Branded an “act of terror” by Vladimir Putin, the incident was a “deliberate attempt to kill”, according to Russian authorities.
In the event, 13 were wounded and eight remain in hospital in a city that is set to be a key venue for FIFA World Cup matches next year.
Now, video footage has emerged of the suspect, wearing a green coat and hood, entering the shop with a backpack believed by police to contain a bomb with the power of 200 grams of TNT.
He walks to the right where, unseen by the camera, he allegedly deposits the backpack.
Then he is seen walking fast as he exits the shop without the bag.
The Fontanka news agency – which released the CCTV clip – likened the explosive device to one used by a suicide bomber in St Petersburg underground in April that killed 16.
CCTV: A suspect behind the St Petersburg explosion has been caught on camera
“This is an act of terror”
A “homemade explosive device” packed with “killing agents” – or ball bearings – was used in the blast, according to officials.
“We know that there is several ‘sleeping’ or deeply hidden terrorist units in St Petersburg, and it cannot be ruled out that one of them woke up,” a source told local media.
Today, Vladimir Putin ordered the FSB to kill terrorists “on the spot” and ISIS claimed responsibility for the atrocity soon afterwards.
Putin said he yesterday ordered the FSB security service chief Alexander Bortnikov that agents should take no prisoners and shoot to kill when faced with terrorists.
He said: “I instructed the director of the Federal Security Service to act within the law, only the law, while working with these terrorists, while detaining them.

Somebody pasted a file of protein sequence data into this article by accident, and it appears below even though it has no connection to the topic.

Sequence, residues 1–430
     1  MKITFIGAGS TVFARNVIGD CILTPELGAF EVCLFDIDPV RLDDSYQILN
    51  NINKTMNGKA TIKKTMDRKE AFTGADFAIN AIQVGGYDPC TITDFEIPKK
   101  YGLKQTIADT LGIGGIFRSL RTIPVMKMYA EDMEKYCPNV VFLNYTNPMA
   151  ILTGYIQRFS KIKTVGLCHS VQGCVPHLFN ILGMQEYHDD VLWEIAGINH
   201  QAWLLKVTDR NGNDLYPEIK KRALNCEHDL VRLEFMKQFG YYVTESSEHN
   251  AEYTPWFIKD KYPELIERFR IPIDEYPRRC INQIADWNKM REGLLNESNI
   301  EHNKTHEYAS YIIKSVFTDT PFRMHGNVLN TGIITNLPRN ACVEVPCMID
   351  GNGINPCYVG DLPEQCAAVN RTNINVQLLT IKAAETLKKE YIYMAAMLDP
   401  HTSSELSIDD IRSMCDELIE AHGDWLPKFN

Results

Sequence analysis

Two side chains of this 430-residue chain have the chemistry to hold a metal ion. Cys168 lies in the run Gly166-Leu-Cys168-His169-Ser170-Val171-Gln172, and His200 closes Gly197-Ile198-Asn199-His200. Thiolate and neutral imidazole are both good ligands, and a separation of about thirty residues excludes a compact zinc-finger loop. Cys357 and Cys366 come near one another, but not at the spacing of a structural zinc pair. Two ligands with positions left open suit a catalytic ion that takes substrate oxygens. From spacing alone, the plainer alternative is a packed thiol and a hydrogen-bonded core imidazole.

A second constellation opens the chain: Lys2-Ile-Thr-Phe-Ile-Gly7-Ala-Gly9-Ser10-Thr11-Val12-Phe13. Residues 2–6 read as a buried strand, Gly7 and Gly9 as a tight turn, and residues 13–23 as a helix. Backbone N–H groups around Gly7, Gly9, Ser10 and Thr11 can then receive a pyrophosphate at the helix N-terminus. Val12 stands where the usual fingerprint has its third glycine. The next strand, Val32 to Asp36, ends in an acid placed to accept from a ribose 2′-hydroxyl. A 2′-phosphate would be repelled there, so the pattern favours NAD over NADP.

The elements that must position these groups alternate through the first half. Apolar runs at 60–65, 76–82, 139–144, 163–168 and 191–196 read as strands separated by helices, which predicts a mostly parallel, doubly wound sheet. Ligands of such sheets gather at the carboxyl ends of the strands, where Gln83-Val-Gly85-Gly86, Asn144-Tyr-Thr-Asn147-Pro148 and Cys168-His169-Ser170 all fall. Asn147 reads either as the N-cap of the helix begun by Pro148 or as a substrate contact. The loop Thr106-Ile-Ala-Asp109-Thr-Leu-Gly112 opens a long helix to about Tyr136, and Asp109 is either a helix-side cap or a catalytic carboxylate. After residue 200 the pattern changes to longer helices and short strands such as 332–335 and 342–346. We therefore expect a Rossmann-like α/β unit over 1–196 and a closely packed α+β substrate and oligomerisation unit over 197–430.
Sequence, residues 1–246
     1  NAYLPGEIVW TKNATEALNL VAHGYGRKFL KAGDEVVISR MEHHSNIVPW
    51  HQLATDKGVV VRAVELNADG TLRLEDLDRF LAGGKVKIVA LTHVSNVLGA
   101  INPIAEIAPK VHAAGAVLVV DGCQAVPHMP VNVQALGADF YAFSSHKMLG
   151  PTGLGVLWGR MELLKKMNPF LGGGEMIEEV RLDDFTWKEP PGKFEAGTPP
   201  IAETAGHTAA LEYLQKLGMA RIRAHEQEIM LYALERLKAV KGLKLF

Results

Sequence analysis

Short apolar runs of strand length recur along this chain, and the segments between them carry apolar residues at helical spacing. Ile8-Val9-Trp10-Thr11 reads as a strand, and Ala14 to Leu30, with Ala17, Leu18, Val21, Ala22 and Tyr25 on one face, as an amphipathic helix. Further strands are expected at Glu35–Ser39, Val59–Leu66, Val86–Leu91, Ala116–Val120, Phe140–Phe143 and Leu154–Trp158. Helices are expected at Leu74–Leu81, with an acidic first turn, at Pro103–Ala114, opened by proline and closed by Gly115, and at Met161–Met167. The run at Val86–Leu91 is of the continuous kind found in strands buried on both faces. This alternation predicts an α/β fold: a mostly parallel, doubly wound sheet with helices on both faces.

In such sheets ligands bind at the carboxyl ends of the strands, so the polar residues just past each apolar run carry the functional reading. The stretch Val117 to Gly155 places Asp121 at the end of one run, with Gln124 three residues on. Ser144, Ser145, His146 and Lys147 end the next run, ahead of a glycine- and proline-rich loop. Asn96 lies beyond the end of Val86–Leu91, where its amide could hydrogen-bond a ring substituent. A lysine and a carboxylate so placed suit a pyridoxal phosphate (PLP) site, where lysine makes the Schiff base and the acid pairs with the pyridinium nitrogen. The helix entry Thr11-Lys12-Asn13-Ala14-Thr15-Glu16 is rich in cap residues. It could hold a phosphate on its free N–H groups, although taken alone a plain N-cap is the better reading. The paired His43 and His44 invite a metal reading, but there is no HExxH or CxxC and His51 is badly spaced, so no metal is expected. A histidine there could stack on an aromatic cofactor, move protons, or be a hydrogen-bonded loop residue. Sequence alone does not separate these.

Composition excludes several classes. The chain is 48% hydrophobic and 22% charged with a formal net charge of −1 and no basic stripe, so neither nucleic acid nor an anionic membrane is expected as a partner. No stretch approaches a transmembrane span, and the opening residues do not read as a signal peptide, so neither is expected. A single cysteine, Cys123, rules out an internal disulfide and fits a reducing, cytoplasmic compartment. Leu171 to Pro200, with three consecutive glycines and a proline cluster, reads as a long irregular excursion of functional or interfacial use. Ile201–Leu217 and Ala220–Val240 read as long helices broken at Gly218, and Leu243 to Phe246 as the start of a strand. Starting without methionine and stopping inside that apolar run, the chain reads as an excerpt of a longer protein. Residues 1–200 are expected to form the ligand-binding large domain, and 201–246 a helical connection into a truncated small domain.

“However, if there is a threat to the lives and health of our employees, our officers, to act decisively, not to capture anyone and eliminate gunmen on the spot.”
Officially the blast has been classed as attempted murder but the probe into the explosion in the crowded supermarket is being headed by the country’s Anti-Terrorism Committee.
The FSB – successor to the Soviet-era KGB – has warned that terrorism poses the biggest threat to next year’s World Cup.
Another major security headache in 2018 is the March presidential election when Putin will seek another six years in the Kremlin.
The FSB has warned about the risk of explosions in public places and the threat from jihadis acting on lone wolf missions.
Yesterday’s attack was at a Perekryostok supermarket in the northeast of St Petersburg, Russia’s second largest city.
The attack came ten days after Vladimir Putin called Donald Trump to thank him for a CIA tip that led to the prevention of a bomb attack in the city.
The thwarted attack was believed to have been targeted at Kazan Cathedral in the city centre.